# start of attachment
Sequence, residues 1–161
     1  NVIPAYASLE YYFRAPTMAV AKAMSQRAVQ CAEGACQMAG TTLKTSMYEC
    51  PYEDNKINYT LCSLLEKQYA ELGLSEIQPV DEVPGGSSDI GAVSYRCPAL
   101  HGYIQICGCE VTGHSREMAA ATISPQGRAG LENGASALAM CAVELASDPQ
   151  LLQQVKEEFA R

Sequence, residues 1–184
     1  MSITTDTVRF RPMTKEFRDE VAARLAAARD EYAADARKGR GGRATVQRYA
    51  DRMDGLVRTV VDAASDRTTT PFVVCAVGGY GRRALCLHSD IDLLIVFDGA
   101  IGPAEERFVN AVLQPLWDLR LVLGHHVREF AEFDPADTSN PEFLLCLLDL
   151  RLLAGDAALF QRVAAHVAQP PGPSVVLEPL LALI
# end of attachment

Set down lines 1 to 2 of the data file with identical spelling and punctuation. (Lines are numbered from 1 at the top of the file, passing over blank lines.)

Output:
Sequence, residues 1–161
     1  NVIPAYASLE YYFRAPTMAV AKAMSQRAVQ CAEGACQMAG TTLKTSMYEC